Stick in the Wheel on London life, engaging with culture and why life will always continue

Stick in the Wheel were once described by UNCUT magazine as Britain’s most exciting folk band.

And to mark the release of their second album, Follow Them True, the five-piece are now embarking on a nationwide tour, starting at the Borderline in Soho on Thursday February 8.

For frontwoman Nicola Kearney, who has led the band since 2013, this record is not only informed by the band’s experiences as Londoners, but by the current political climate.

She said: “It’s a product of the terrifying times that we live in. Look at all the things that happened last year: Trump, Brexit, and Grenfell.

“Our message is that London is the same as it was 200 years ago, things are changing all the time. Terrifying things are still happening and life carries on.”

Follow Them True examines these cycles, exploring the ways in which the past repeats itself alongside our inherent ability to change ourselves and the world around us.

The record expands on the stripped-back sound of their debut album thanks to the work of guitarist and producer Ian Carter, who helped add a broader sonic palette to the songs.

But all the while, the band try to stay in touch with the folk tradition, using it as a stepping stone to explore to modern themes.

He said: “We are a traditional music band, like a folk band. I’m not one of those people who say folk can be anything, but I like to think we can use different techniques to express traditional songs as we see fit.

“We try to get people to engage with their traditional culture and get people to take it a bit more seriously. You’ve got to know where you come from to know where you’re going.”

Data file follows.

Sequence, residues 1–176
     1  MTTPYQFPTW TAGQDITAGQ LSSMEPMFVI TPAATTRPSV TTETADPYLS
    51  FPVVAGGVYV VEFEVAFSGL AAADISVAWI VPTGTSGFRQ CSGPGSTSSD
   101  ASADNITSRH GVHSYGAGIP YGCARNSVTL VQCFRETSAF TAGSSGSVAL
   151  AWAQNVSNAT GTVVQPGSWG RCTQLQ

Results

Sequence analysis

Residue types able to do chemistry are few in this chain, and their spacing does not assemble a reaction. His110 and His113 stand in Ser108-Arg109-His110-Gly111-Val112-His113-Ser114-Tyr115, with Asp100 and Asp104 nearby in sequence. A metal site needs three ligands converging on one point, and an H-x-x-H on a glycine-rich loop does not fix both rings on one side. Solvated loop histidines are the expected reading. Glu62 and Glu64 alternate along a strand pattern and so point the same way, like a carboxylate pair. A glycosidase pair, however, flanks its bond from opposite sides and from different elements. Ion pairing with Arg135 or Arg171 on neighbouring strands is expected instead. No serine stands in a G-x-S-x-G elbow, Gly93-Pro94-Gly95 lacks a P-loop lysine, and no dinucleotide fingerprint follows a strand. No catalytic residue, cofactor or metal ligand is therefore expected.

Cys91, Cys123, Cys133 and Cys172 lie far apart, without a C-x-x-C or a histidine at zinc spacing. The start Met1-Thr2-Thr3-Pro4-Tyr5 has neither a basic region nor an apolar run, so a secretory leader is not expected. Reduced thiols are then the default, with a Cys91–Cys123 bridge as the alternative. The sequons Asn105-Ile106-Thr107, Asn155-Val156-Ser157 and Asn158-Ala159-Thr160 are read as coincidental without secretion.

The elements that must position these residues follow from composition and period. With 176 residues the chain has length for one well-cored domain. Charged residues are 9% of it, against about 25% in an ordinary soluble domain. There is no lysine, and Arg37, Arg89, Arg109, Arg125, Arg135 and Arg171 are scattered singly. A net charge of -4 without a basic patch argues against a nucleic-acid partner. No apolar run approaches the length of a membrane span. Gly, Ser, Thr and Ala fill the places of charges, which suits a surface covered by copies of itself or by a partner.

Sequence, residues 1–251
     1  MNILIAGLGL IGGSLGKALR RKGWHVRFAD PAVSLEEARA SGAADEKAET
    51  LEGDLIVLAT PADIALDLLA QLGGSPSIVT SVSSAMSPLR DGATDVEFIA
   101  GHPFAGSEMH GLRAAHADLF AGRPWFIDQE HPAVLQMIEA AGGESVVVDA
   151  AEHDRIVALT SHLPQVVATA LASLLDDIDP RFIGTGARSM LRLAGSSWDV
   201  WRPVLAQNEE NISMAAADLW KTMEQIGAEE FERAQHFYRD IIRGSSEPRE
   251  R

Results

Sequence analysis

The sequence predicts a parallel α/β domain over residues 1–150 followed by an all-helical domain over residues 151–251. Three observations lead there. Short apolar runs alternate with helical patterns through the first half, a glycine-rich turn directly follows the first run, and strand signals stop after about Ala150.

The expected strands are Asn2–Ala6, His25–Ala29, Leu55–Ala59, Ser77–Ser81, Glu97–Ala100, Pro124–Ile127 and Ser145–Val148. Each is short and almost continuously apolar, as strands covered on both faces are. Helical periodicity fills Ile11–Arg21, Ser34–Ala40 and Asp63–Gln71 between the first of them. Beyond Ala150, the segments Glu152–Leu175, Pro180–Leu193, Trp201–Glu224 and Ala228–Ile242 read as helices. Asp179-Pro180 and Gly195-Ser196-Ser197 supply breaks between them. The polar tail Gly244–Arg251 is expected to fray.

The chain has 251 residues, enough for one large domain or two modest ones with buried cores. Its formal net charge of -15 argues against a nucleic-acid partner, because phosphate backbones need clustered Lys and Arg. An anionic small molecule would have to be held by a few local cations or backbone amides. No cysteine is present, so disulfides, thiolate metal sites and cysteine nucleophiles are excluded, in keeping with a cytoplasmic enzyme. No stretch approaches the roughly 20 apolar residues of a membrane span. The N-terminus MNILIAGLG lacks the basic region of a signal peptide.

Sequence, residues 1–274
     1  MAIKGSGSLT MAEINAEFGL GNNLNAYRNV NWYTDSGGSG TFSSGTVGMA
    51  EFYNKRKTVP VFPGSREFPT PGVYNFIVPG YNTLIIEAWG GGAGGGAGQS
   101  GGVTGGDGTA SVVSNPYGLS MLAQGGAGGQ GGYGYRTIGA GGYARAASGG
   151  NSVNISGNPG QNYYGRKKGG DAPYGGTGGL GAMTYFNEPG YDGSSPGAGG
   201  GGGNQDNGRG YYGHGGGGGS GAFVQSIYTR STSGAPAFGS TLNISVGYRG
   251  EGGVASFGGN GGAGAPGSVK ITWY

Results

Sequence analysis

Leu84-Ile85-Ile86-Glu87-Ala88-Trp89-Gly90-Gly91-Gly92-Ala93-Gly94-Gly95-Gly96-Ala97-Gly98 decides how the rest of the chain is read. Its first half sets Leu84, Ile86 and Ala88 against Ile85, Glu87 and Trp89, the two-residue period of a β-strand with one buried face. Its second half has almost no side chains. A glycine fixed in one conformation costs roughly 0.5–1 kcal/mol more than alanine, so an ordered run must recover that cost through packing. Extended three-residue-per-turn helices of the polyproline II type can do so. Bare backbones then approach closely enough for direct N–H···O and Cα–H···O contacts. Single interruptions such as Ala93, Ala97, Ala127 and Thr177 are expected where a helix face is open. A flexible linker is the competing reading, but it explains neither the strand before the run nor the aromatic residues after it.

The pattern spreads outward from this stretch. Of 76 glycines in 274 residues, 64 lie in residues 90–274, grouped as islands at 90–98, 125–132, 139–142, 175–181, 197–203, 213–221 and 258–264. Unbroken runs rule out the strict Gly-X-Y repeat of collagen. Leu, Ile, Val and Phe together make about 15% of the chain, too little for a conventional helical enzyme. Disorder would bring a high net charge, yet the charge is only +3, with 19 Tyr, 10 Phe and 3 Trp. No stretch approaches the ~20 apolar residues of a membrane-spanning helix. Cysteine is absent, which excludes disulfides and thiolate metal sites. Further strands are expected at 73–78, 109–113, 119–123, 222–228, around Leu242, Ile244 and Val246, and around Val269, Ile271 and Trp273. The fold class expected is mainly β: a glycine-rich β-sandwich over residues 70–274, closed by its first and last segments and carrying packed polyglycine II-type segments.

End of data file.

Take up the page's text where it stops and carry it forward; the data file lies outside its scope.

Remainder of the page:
Stick in the Wheel remain pioneers in an evolving folk scene and they continue to question what this genre means in 2018.

Nicola believes it can take a number of forms and remains as relevant today as it was centuries ago.

She said: “We have a very particular approach that makes sense to us. We don’t pretty it up with over production and deliver it honestly by being true to who we are and reflecting our own culture.

“It’s not all Morris Dancing and Bunting. That’s the middle-class view of it. It can be that or the way we do it as well. There’s no right or wrong.”

Ian added: “There has been a sea change over the last five years. People are engaging with folk in a more meaningful way rather than adopting it as a style, like some bands have done in the past.”

This engagement forms the basis of their ambitions, as they attempt to share their work in a meaningful way with as many people as possible.

By doing so, they hope to encourage others to consider their own place in history and explore tradition to better understand the events that are unfolding around them.

Nicola said: “We’re from London and pretty much all the bad stuff that the government does to people happens in this city.

“People have short memories and news is taken away from them quickly, so they soon forget the awful things that have happened.

“Our intent is to just make people remember and start to see themselves as part of a tradition.”

According to Ian, this ability to position ourselves within our broader histories is more important than ever, particularly in light of contemporary debates such as those that surround immigration.

He said: “We’re all from east end families and we are from all over the place originally: Scotland, Ireland or even further afield.

“People forget that immigration has been this way for a good thousand years and that creates division, with some becoming resentful.

“We are trying to promote togetherness. Coming from the east end, a culture made up of disparate cultures suffering from the same pressures, you’ve got to group together.”

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